Sacked P&O workers on the march

Austerity in the form of deep cuts in health, local government and civil service jobs, combined with the vigorous enforcement of DWP sanctions policy, has had a devastating effect, particularly on the poorest and most vulnerable families in Blackpool.

The TUC were wrong to cancel the demonstration. The protest defied the most optimistic expectations and had an impact not seen in Blackpool for many years. While it has helped build support for trade unionism , a living wage of £15 an hour and the fight for climate jobs rather than any renewed attempts to start fracking, the protest confirmed the need for the TUC to call for mass protests around the March/Demo they have called for 18  June.

Friday, 18 February 2022

We need a timescale for a ballot for action to win on pay

For the last few weeks, NEU Branch Officers and school reps have been working hard to encourage teacher members to respond to an online survey about pay. In the end around 70,000 members, a little under 30% of those who had been polled, responded to the texts and emails sent to them nationally.

This was a very good initial turnout, particularly given that a turn towards campaigning on pay had only recently been made by the Union. A 0% ‘pay freeze’ had been imposed on teachers paid under the School Teachers Pay and Conditions Document for the previous 2021 pay award without the Union responding in the way that is now being done. Despite the short lead-in to the survey, 74% of those voting were already saying they would support strike action over pay.

Two NEU branches, East Riding and Redbridge, even managed to exceed the 50% turnout that would eventually be needed in a formal strike ballot under the anti-trade union legislation, showing how other branches could also improve their turnout with the right approach, support and organisation.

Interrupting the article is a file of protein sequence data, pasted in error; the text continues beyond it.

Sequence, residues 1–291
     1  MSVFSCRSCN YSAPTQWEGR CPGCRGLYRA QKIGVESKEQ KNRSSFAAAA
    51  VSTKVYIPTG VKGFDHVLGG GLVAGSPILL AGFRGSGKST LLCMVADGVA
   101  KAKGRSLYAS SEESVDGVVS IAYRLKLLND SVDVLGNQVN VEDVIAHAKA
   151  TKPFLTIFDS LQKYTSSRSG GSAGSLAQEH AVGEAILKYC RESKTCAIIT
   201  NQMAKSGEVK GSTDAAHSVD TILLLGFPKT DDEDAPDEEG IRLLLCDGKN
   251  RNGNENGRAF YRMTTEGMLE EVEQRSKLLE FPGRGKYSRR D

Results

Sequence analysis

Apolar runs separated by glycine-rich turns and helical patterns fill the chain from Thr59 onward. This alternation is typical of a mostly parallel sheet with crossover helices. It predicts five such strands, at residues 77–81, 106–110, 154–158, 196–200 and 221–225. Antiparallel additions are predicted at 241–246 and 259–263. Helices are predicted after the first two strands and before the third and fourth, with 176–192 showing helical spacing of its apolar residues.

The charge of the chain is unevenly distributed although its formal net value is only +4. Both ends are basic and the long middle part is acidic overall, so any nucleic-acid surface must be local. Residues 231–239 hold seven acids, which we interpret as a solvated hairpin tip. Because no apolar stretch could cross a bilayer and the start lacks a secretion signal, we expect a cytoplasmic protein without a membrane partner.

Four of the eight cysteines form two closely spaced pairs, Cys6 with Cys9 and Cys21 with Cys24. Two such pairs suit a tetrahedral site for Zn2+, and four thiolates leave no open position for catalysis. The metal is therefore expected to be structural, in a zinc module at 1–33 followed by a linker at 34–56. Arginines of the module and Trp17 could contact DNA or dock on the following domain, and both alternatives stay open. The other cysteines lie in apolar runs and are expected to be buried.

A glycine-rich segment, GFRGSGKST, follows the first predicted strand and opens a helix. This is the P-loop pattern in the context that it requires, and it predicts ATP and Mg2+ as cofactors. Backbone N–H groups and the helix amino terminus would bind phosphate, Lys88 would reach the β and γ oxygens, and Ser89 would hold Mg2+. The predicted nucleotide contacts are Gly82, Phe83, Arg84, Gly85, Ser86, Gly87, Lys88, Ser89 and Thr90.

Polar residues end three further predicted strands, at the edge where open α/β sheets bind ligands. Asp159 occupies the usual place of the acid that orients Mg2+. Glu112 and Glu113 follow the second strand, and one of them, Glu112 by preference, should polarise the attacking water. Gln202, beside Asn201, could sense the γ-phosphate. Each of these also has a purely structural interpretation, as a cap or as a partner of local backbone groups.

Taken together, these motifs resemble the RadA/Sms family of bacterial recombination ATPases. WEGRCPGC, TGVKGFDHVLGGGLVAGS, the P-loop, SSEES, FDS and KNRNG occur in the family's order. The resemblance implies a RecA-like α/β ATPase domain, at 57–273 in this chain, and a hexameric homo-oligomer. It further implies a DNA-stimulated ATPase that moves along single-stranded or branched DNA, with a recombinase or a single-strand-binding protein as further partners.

The Executive agrees we will need to ballot – but when?

On Thursday, 10th February, a special meeting of the NEU Executive met to discuss the overall response and to plan the next steps in the pay campaign. Important steps were agreed but, in my view, a key step was missing, and that was to agree a clear timescale for proceeding to a ballot for strike action.

A timescale for a ballot is not just a small detail, it is a key part to any pay campaign. Of course, NEU reps and officers can, and will, encourage members to take part in the demonstrations, rallies and other activities that were agreed by everyone on the Executive. However, in all those activities, it will be important to explain to members that we will need to vote for, and firmly enact, strike action if we are really to influence this Government and warn off its big business backers calling for Ministers to maintain ‘wage restraint’.